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S & H Recital Review

BRITTEN 25th ANNIVERSARY CONCERTS Wigmore Hall 4 & 5 December 2001 Britten String Quartets Belcea Quartet Holderlin Fragments Ian Bostridge/Thomas Ades 4 December Purcell Welcome to all the Pleasures; Dido and Aeneas Handel Concerto Grosso Op.6/9 The English Concert/Trevor Pinnock 5 December (PGW)


Memories of Benjamin Britten were to the forefront in two sold-out concerts at the Wigmore Hall this week. On the 25th anniversary of his death the Belcea Quartet essayed all three quartets, each totally distinctive, and a good sequence they make. The first (1941) is already fully characteristic and was given a full-blooded performance; intense projection is a hallmark of the Belceas, remembered first from their forceful account of Beethoven Op.95 in the 1997 finals of the 7th London International String Quartet Competition. The Second Quartet (1945) is a prime testimony to Britten's devotion to Purcell, and the creative legacy to that genius often displayed in his own music. The long, solemn Chacony made a profound impression, as did the death-laden third and last Quartet, with its strong connection with the opera Death In Venice, of which the Belceas had the full measure. In an interval interview, Sigmund Nissel described Britten's satisfaction with a run through at his home, very shortly before his own death, which preceded the premiere. The Hölderlin-Fragmente (1958) for tenor and piano sat uneasily with the quartets and were an odd choice to represent Britten the composer for voice. Ian Bostridge was emphatic in declaiming these German texts, but his voice was unalluring on this occasion, and those songs presented neither singer nor composer to best advantage, besides making this three part concert overlong.

Britten's Hymn to Saint Cecilia was scheduled for the following night, but in the event was taken out of The English Concert's programme without explanation. But two major works by Purcell preserved the Britten connection and neither can often have made a stronger or more moving effect. Trevor Pinnock (standing at the harpsichord) has a wonderful, relaxed way (or so it appears) to bring out the best from his players and singers and a feeling of warmth and delight in music making flows down from the platform. The players, led by that wonderful baroque violinist Rachel Podger, put their hearts into it and gave an inspiriting Concerto Grosso (Op.6 No.9) by the adopted Englishman, Handel. In Welcome to all the Pleasures (1683) soloists came from within the choir to make each of the delectable arias and ensemble moments memorable; these Odes and Welcome Songs are British music treasures, as indeed is The English Concert, who are - like the Arditti String Quartet - " surely one of Englandís most important music exports" (Hans-Theodor Wohlfahrt) - both more often to be heard abroad. The English Concert has just completed a major project, touring 'Great Religious Works of the 18th Century' a 6-year cycle which came to a close with an inspiring performance of Haydn's The Creation which we reviewed in Lucerne last month.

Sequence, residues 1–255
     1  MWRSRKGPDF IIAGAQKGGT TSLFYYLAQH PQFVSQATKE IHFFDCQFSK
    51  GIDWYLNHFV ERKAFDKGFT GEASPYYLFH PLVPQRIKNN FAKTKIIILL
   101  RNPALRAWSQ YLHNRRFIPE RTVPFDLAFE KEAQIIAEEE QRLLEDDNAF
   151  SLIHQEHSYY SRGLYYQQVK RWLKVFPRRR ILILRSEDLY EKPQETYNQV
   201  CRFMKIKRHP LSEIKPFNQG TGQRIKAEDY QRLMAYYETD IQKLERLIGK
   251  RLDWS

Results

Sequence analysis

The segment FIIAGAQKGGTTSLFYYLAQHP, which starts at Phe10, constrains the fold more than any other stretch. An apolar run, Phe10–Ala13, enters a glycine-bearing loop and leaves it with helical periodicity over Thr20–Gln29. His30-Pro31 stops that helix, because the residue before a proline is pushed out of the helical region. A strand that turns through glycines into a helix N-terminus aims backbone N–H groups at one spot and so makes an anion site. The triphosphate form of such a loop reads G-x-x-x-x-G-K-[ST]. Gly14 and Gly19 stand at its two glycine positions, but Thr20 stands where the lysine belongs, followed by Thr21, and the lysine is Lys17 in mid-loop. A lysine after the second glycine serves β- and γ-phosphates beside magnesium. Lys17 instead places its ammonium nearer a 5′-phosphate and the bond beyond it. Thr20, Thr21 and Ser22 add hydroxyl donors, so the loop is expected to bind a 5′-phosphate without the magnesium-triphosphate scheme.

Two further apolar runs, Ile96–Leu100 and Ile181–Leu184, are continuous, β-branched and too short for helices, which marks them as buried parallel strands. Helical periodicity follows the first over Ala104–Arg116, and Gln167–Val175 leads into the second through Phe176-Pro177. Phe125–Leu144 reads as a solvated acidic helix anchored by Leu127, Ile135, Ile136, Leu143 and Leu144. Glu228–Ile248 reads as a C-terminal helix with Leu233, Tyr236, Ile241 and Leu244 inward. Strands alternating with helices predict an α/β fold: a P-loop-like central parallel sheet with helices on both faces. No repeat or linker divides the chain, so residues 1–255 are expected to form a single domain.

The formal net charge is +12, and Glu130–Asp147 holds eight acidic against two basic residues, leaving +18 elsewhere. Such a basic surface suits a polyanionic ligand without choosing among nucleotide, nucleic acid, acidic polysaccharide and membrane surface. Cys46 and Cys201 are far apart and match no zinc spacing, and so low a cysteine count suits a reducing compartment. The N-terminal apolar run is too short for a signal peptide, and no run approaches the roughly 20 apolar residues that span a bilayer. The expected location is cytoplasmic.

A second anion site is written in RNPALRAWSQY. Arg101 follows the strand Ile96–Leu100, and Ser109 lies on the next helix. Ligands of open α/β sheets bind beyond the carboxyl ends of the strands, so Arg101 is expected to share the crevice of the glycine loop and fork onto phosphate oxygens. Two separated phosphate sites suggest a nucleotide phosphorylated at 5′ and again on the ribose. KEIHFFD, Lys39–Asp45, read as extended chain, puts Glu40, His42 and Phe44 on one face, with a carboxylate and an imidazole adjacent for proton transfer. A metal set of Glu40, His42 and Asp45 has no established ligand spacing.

Dido and Aeneas was given one of those semi-staged concert productions which leave one feeling that no-one really needs full staging. Simple positioning and gestures to establish the relationship between Dido (Diana Moore) & Belinda (Carolyn Sampson) and Aeneas (Roderick Williams); well chosen costume to characterise the Sorceress (Felicity Palmer) and her Witches; sailor hats for Act 3, - it was all absolutely perfect. Great singing all round, in perfect style, without the inflation of scale (e.g. Flagstad) one had seen in this deservedly famous 'first real opera in English'. In the orchestra, a special mention for William Carter (theorbo & baroque guitar) and the sailor-hatted player (unnamed) who surprised us by entering from the back playing baroque oboe. A great British Music evening, and two consecutive nights which reminded us of the irreplaceable contribution which the Wigmore Hall makes in London's musical life.

Peter Grahame Woolf

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